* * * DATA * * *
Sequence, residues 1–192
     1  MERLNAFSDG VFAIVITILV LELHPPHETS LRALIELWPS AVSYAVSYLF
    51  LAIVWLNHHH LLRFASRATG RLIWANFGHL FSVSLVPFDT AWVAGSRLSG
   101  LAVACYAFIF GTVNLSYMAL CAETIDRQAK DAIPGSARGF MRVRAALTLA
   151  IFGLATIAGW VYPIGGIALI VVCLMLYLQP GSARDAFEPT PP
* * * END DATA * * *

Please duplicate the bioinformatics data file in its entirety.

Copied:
Sequence, residues 1–192
     1  MERLNAFSDG VFAIVITILV LELHPPHETS LRALIELWPS AVSYAVSYLF
    51  LAIVWLNHHH LLRFASRATG RLIWANFGHL FSVSLVPFDT AWVAGSRLSG
   101  LAVACYAFIF GTVNLSYMAL CAETIDRQAK DAIPGSARGF MRVRAALTLA
   151  IFGLATIAGW VYPIGGIALI VVCLMLYLQP GSARDAFEPT PP